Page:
What Was the Shortest War in History?

(Last Updated On: November 11, 2019)

What Was the Shortest War?

What Was the Shortest War?

The shortest war in modern history was the Anglo-Zanzibar War of 1896. Fought between the United Kingdom and the Zanzibar Sultanate, the military conflict lasted somewhere between 38 and 45 minutes.

So what’s the story behind this short war? What caused it and how was it resolved? Let’s explore this odd conflict a bit more.

The Anglo-Zanzibar War

You probably guessed from the name that nothing good was going to come out this war. That tends to happen when you bring up anything in relation to “Anglo-Saxon,” because that has historically proved itself to be “white supremacy with extra linguistic steps.”

Even though the Anglo-Zanzibar would last less than an hour, it was still a bloody affair, and not the silly type of war sometimes talked about on this Blog (The Pig War, The Emu War, and The War of the Stray Dog just to name a few). 

The war took place on August 27, 1986, with fighting limited to the Zanzibar Sultanate, today part of modern-Tanzania. In the 38-45 minutes of conflict, the British would suffer just one casualty–a single wounded sailor. The Zanzibar Sultanate did not fare so well. Disregarding the loss of military assets, some 500 casualties were recorded (including civilians, and fatalities). 

What Caused the War?

If you know your history, you may have noticed that the Anglo-Zanzibar War crosses over with the Scramble for Africa. That’s no coincidence, and you can thank British Imperialism for that. 

The catalyst of the war was the poisoning of the pro-British head of state, Sayyid Hamad bin Thuwaini Al-Busaid. He had been poisoned by the man who would ultimately succeed him, Sultan Khalid bin Barghash. Of course, the Brits in their imperialism preferred the previous, pro-British Sultan, and so they started a war over it.

Granted, at the time, the British did have a treaty with the Zanzibar Sultanate; it dictated more or less that Sultans would have to be approved by the British Empire–something unfulfilled by Khalid. And so to the British, Khalid’s power grab was essentially a provocation of war. They demanded he step down so a new, pro-British Sultan could be installed. 

Yeah, Khalid wasn’t too fond of the idea, as you would suspect.

Further Reading: What Is Imperialism?

Why Was the War so Short?

After the British told Khalid he had to step down, the latter holed up in his palace. Most of his defenders were civilians, but there were quite a few slaves defending the walls as well–about 2,800 people in total.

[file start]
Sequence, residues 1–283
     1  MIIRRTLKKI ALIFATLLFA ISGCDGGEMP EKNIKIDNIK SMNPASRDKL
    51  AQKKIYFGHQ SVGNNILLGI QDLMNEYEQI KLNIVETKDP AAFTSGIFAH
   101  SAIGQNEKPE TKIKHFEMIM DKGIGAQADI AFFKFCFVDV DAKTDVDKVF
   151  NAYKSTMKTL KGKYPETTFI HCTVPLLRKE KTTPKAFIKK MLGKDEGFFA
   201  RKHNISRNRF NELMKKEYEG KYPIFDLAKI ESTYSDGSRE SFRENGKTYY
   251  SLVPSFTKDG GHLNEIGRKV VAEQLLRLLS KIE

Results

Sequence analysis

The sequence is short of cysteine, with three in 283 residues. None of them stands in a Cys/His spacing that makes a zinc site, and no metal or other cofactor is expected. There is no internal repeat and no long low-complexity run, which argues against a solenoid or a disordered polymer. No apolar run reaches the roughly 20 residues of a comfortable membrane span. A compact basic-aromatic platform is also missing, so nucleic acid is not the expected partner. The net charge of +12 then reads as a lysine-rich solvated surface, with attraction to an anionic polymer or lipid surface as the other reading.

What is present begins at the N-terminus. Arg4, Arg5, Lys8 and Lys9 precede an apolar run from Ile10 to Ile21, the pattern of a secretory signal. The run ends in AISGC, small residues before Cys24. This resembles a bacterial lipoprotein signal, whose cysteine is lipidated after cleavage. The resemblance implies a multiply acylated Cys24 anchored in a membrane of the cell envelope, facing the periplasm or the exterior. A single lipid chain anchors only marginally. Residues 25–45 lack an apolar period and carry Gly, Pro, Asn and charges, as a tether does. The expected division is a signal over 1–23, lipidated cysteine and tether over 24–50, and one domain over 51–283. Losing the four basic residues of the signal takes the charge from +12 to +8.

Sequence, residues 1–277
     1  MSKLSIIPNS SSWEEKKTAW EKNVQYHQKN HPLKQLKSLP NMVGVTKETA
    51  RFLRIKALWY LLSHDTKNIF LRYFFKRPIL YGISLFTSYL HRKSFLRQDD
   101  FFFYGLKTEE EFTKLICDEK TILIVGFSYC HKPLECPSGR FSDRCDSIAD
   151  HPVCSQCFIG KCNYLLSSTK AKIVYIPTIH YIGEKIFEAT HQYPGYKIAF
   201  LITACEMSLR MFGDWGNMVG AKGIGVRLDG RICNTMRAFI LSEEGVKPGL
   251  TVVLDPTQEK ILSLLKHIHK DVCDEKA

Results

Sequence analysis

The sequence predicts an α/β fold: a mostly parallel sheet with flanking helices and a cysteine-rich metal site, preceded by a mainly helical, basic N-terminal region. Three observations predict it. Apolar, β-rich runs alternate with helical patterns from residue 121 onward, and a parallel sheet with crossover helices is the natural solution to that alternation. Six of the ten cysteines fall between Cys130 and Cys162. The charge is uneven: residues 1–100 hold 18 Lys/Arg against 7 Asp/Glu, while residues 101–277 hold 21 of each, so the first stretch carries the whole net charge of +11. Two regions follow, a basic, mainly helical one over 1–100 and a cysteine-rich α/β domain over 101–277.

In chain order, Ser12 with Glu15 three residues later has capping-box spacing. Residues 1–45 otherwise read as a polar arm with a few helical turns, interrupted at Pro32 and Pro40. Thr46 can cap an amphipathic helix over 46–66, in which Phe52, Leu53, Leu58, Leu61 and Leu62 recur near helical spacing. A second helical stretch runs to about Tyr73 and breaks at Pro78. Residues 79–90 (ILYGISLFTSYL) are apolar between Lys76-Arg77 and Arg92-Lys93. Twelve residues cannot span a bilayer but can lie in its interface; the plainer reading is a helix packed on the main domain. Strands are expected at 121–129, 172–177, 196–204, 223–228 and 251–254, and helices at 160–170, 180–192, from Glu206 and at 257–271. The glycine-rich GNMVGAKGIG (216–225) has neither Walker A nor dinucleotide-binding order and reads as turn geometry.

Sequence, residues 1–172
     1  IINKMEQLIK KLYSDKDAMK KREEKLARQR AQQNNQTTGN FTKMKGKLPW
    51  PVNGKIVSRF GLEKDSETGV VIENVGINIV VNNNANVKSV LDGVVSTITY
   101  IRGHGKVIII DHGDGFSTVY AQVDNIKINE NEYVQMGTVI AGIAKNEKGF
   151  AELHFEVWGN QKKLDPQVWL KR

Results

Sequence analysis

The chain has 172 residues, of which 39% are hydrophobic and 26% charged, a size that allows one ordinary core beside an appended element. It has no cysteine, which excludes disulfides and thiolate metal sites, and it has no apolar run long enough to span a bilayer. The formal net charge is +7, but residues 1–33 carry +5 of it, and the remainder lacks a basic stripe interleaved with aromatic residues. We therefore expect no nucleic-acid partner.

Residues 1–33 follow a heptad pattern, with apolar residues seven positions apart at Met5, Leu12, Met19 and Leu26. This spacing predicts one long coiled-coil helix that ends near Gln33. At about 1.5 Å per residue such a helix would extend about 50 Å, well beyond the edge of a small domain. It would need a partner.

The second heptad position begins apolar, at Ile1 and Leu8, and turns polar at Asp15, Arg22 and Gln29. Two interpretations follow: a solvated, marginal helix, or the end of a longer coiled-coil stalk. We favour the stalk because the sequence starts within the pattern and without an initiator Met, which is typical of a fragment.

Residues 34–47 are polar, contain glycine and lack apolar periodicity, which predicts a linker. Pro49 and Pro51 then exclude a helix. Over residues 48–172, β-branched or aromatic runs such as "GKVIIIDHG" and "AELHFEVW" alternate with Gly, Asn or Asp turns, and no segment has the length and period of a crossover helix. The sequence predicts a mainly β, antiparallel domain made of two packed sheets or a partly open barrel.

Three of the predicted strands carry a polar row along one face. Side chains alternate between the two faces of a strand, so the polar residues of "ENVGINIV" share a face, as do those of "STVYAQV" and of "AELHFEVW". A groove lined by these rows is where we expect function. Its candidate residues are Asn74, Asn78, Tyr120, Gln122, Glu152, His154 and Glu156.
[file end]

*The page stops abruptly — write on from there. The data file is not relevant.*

While Khalid’s forces had some heavy artillery, the British had the power of long-ranged bombardment. As they relentlessly unleashed their bombs, a fire erupted in the palace. The heavy bombardment and subsequent fire would cause the vast majority of casualties.

It also didn’t help that most Zanzibari men and women had sided with the British (or at least not with Khalid), and as such Khalid didn’t really have the people on his side. 

With his palace on fire and under attack, Khalid would quickly flee along with a handful of his followers. They would take refuge with the Germans. 

And that’s kinda it. The British didn’t like the Zanzibari head of state, and wanted more control of Zanzibar (see, Scramble for Africa). So they just bombed the crap out of the Sultan’s palace until he left less than an hour later. 

With Khalid gone and no resistance from the Zanibari people, the British were able to once again install their own Sultan. War over.

The Germans?

The British did still try to pursue Khalid, but the Germans never agreed to surrender him. However, they did promise to the British that Khalid would never make his way back to Zanzibar.

Fast forward to WWI, the British campaign in Africa would result in the capture and subsequent exile of Khalid. Afterwards the Brits would force his followers to pay for all the money they spent bombing Zanzibar. Today that’s about 4,200 USD, or 3,200 pounds.

About the Author:

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Kyler is a content writer at Sporcle living in Seattle, and is currently studying at the University of Washington School of Law. He's been writing for Sporcle since 2019; sometimes the blog is an excellent platform to answer random personal questions he has about the world. Most of his free time is spent drinking black coffee like water.